I refer to this transition from scientist to advocate as the big-wrench approach to complex problem solution: The advocate, with the big wrench in hand, sets out to solve, suddenly, a relatively restricted number of problems. That is, all of the formerly many diverse problems, now seem to be soluble with the new big wrench (or panacea).
If educational technology companies (and Centers for Teaching and Learning) are eager to improve education, rather than searching for problems to apply their solutions, they should focus on identifying problems and designing solutions to those problems. Higher education may lack a lot of things, but what it does not lack are problems in need of solutions. Talk to any faculty member and ask: What problem are you facing in your teaching? Observe classrooms and see what things appear commonplace but hinder practice. For example, one of the projects that I had the good fortune to work on emanated from the observation that instructors asked students to borrow video cameras, record assignments, and return tapes to the instructor to watch and return feedback. This process usually took 6 weeks. We automated a lot of this process by developing an online assessment environment through which students recorded their assignments on webcam, instructors were notified of the availability of the video, and were then quickly able to student feedback. By eliminating the need for video cameras and tapes, and introducing an environment that addressed needs and problems, we were able to increase the efficiency and effectiveness of the process and drastically reduce the amount of time by which students received their feedback.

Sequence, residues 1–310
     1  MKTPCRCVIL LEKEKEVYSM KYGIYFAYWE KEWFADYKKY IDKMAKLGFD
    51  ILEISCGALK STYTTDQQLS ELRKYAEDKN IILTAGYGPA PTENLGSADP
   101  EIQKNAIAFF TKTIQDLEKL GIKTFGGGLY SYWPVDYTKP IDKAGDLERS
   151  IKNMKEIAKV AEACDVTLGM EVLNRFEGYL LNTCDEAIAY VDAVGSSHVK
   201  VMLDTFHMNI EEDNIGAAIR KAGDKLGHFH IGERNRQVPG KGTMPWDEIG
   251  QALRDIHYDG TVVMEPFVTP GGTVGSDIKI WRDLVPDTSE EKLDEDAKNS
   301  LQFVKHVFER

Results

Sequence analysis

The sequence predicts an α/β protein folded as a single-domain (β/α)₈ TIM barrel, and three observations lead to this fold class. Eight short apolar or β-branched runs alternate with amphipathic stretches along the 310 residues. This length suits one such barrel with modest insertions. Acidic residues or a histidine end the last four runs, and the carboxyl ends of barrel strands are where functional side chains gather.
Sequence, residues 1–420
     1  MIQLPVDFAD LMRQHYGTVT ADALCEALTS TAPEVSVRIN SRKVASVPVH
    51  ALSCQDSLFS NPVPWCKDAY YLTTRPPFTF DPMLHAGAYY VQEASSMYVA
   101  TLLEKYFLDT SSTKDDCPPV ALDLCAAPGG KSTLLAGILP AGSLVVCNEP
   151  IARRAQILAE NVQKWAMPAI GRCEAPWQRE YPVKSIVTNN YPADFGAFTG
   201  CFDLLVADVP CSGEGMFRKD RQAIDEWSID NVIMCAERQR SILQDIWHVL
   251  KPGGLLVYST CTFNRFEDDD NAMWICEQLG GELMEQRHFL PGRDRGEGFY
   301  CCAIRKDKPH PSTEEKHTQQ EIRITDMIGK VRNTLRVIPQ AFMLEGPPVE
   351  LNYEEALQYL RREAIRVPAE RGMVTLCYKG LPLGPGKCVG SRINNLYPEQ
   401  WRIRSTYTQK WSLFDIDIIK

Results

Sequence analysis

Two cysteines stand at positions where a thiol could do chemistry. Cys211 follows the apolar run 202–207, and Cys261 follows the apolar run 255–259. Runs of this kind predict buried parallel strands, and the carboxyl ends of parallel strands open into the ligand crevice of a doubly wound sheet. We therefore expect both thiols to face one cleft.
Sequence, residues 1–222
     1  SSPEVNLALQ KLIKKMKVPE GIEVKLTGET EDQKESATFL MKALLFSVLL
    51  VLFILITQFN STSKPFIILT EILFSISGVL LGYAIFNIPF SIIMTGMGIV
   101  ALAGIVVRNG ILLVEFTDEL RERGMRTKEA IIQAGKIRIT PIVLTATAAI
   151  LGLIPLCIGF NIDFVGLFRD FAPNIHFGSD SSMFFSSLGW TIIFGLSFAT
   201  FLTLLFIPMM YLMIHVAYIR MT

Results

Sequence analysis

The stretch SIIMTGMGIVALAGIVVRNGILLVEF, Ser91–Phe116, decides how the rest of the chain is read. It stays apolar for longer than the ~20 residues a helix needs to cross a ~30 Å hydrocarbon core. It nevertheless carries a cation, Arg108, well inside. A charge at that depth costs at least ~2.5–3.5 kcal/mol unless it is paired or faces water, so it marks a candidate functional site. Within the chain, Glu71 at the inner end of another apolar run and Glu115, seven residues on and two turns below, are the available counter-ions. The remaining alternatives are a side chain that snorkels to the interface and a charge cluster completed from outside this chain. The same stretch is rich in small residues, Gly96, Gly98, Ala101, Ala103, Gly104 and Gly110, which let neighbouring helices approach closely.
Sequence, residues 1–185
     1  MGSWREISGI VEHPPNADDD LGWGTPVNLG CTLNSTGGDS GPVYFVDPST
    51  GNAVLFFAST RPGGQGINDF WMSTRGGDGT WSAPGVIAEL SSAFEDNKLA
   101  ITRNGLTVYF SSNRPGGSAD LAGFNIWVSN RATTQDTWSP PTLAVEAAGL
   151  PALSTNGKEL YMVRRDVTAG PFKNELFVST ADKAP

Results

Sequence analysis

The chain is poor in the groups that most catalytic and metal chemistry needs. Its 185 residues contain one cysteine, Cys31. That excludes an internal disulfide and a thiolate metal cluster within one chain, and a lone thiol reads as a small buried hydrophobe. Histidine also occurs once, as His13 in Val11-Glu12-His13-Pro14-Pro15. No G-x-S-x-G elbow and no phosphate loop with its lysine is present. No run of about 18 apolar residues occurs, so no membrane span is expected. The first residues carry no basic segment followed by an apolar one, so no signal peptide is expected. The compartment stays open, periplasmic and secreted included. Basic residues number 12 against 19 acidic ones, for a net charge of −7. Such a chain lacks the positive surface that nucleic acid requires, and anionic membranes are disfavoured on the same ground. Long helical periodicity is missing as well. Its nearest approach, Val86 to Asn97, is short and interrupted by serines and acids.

Tennyson, R. D. (1994). The big wrench vs. integrated approaches: The great media debate. Educational Technology Research & Development, 42(3), 15–28.
On Wednesday, I gave a talk to the Canadian Institute of Distance Education Research focused on scholars’ (researchers and instructors’) practices and experiences with social media/networks on the open web. The feedback from the organizers was positive: “We had about 40 attendees, which is at the high end of our usual crowd, and their activity in the chat was much greater than usual – a very good sign. It was a great session, I’m pleased, and hopefully you enjoyed it as well.”